FAIL: RIAA’s Legal Campaign

8 10 2008

Techdirt reports that the EFF’s recent writeup of the RIAA’s legal efforts against file-sharers (dubbed the “Sue-Everyone” strategy) has been a near-total failure.

It started with suing technology providers. All that did was make more people aware of file sharing. When it succeeded in getting Napster shut down, plenty of others showed up that were much more difficult to shut down. So, then, the RIAA shifted to suing individuals accused of unauthorized sharing, claiming that it was an “education campaign” to teach people that unauthorized file sharing was illegal. All that’s done is turn many more people against the RIAA, while continuing to educate them that file sharing exists. In fact, many more people engage in file sharing now than five years ago when the campaign started.

Wait just a minute… I’m skeptical that the RIAA’s efforts led to more piracy simply by making consumers aware that file-sharing exists. This weak point smells of intellectual or argumentative laziness. Guess what else is more common today than it was five years ago? High-speed internet access, mp3 players, multiple PCs per household, and digital media in general. But I digress…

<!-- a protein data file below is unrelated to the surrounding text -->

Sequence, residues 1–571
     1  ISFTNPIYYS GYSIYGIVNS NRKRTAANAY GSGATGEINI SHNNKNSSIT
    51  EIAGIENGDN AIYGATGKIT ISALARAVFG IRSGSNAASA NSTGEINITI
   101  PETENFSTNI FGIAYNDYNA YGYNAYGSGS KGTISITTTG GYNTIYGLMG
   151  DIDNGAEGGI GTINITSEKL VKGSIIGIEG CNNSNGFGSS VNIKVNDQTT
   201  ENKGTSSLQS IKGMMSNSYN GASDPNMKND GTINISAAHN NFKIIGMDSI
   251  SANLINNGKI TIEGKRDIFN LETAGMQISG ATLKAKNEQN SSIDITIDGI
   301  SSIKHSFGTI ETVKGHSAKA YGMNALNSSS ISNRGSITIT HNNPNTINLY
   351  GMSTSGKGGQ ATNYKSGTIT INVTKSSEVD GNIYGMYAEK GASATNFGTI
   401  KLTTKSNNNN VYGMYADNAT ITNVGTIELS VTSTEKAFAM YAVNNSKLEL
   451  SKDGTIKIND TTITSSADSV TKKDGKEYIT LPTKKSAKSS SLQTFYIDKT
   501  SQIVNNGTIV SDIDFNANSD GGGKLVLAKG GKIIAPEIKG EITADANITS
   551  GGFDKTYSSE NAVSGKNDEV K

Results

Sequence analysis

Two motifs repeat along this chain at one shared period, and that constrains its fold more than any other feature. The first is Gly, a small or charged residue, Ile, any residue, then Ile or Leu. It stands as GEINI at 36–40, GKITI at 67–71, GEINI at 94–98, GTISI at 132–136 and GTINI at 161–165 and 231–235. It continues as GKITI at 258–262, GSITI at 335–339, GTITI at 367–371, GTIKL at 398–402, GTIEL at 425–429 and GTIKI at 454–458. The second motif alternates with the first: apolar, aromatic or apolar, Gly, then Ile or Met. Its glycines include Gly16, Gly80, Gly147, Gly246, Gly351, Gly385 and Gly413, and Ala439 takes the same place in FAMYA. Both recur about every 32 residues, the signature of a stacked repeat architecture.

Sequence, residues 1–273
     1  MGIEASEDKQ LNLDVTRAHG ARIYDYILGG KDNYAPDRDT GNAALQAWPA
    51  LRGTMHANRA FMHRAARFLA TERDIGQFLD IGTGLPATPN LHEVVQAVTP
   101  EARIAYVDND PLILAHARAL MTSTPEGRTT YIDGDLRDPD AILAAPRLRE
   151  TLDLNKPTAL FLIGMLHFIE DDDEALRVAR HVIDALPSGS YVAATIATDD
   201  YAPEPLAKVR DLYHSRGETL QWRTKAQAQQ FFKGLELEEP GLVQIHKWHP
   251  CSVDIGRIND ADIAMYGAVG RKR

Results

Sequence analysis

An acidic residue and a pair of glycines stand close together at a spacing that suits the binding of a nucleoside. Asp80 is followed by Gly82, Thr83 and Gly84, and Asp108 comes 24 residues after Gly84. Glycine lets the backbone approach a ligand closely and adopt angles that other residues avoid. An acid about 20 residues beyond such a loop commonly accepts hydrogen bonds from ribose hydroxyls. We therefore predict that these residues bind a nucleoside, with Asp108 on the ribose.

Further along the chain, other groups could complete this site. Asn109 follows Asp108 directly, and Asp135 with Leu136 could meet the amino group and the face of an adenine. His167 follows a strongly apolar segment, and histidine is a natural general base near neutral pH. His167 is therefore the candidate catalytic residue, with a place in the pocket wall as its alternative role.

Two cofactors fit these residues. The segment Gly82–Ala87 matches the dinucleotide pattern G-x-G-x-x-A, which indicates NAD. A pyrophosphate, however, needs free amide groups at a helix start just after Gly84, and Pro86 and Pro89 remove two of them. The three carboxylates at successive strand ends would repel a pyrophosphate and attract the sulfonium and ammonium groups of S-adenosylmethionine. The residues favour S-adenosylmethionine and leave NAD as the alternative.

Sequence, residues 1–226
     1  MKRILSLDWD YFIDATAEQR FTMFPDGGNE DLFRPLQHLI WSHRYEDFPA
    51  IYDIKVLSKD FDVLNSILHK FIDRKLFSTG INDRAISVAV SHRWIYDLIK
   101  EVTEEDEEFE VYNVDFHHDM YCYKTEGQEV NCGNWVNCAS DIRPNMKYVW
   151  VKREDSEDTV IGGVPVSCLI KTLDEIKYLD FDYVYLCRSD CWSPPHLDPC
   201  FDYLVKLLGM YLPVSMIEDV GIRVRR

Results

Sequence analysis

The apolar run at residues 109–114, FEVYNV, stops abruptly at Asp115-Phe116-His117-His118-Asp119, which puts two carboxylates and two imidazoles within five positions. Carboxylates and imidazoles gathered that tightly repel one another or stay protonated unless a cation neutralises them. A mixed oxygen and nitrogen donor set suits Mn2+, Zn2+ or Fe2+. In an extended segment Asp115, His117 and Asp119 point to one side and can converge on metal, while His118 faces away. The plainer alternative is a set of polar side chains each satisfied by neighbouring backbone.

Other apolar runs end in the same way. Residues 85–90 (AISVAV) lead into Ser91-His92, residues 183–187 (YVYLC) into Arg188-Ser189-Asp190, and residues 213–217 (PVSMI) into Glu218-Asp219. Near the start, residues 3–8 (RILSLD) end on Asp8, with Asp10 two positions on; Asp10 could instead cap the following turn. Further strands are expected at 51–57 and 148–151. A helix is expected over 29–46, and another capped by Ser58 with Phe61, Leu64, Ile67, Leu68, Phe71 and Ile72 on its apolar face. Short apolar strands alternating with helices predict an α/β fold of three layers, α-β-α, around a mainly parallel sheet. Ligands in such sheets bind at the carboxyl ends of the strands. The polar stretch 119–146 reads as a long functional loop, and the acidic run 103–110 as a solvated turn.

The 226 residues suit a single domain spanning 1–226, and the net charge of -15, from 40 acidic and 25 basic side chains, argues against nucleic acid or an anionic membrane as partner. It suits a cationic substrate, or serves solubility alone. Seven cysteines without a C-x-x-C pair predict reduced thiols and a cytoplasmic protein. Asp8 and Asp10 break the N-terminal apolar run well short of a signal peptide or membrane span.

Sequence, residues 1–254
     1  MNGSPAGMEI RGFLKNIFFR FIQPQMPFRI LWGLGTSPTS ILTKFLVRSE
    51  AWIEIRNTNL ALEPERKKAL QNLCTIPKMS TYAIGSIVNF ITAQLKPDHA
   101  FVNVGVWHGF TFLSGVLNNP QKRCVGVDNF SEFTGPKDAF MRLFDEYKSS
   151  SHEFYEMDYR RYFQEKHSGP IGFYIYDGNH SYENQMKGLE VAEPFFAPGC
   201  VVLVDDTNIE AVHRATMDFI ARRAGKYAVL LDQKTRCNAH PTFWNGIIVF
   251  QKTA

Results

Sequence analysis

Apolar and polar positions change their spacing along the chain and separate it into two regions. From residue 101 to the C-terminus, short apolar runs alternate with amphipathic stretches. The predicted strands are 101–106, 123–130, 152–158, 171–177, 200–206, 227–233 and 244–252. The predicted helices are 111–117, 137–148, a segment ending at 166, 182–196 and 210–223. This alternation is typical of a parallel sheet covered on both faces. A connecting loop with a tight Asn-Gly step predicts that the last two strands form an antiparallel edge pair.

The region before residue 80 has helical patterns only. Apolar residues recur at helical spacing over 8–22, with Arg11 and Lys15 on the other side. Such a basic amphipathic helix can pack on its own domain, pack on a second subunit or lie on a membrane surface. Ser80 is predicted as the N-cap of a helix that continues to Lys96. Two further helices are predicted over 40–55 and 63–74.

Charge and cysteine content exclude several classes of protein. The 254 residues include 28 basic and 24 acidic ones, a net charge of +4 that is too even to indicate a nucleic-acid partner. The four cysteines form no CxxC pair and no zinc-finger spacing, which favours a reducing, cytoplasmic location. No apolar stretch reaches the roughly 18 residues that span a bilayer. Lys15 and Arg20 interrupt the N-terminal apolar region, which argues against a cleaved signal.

So, effectively, the lawsuits haven’t worked (the RIAA has not had a full trial turn out in its favor yet). It’s turned public opinion massively against the RIAA and its associated record labels. It hasn’t done anything to slow down unauthorized file sharing, and may have actually helped promote it. About the only “success” of the strategy is that it’s turned into something of a cash generator for the RIAA, by frightening people, with strong legal language around flimsy evidence, into paying “presettlements” to avoid being sued.

Well, I do hate the RIAA. And I do know of a few people who’ve been frightened into using iTunes exclusively (or they may have been persuaded by the hipster-appeal of Apple’s iPod+iTunes ad campaign – so many colors to express your unique personality!). Regardless, the RIAA’s failure has little to do with it’s negative press, and much more to do with the current legal interpretation of intellectual property vs. fair use. While I’m no expert in IP law, I’m convinced that the changing music marketplace will lead to more opportunities for entrepreneurial musicians to find profits by adopting a new business model (a la Radiohead, although that’s certainly not the only model).

We’re entering a new age in entertainment that may not support monolithic organizations like the RIAA much longer. Soon enough, they’ll need musicians more than the musicians will need them. If you think it’s bad now, just imagine the amount of rent-seeking that will be going on then!



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